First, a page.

Cosmetic revisions are mild
The styling differences may only be noticeable to Mini aficionados, but they include more chrome around the front grille area plus LED tail-lights. The front bumper has also been re-designed to improve pedestrian impact performance.
Inside, all models get a revised digital DAB stereo (with the exception of Mini First) that includes an aux-in connection for your MP3 player, plus loads more colour trim options for that personal touch.
New diesel gives improved fuel economy and emits 99g/km of CO2
The facelifted Mini will also inherit BMW’s new 1.6-litre diesel engine, which for the first time, will also be available to order in the Mini Convertible. Available as the 110bhp Cooper D or a de-tuned 89bhp Mini One D, it returns 72.4mpg on the combined run and cuts CO2 emissions from 104g/km to 99g/km, making it exempt from car tax. However, specify either diesel variant in the Clubman or Convertible and CO2 emissions rise to 103g/km and 104g/km respectively.
The facelifted Mini John Cooper Works continues to use the proven 208bhp, turbocharged 1.6-litre petrol engine, but gets new black sports seats with red piping and different 17 inch alloy wheels. It can also be ordered in an exclusive Chilli Red paint.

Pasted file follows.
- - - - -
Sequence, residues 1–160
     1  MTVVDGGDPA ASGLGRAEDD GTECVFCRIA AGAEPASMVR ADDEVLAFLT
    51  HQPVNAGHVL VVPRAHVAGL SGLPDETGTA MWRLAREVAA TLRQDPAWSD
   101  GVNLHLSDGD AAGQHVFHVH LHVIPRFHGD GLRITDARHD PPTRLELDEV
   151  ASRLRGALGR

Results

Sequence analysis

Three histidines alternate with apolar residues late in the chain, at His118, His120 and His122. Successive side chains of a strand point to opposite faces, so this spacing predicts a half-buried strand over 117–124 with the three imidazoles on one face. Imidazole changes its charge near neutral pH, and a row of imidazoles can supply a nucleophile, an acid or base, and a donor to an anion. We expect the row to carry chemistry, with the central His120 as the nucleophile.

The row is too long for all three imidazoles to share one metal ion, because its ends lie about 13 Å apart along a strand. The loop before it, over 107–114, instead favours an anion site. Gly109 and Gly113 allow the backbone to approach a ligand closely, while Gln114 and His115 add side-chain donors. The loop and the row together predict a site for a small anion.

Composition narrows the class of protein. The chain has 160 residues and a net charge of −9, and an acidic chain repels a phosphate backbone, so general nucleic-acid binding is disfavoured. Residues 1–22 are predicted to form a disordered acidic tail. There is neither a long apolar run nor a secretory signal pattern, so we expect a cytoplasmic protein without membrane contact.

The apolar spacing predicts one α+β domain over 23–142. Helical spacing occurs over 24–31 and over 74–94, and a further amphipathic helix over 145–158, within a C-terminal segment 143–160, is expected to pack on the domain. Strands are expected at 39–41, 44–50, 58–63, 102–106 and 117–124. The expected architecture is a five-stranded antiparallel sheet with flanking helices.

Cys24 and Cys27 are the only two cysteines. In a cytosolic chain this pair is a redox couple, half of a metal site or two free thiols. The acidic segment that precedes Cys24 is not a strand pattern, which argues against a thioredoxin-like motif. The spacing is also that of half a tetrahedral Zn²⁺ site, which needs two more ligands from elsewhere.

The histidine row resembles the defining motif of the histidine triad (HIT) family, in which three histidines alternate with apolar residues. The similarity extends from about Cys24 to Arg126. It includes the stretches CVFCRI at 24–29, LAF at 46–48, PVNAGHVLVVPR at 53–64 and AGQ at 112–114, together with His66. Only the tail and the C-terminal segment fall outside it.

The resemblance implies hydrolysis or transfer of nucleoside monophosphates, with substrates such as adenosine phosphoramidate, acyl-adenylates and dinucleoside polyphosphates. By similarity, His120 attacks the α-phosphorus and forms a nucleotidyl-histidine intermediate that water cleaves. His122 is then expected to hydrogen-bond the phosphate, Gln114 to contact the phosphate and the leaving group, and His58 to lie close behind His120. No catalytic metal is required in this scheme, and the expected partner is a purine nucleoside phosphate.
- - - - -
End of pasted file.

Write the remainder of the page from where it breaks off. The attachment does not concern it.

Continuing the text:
Mini Connected keeps you online when on the road
Mini Connected is a new operating system that allows iPhone users to stay connected to the web when on the move. Using the onboard monitor, passengers can receive RSS news feeds, Facebook and Twitter posts, plus view video files via an external application. The driver can even use voice control to send text messages via a text-to-speech function.
The revised Mini goes on sale on 18 September, with prices expected to stay in line with the current cars.
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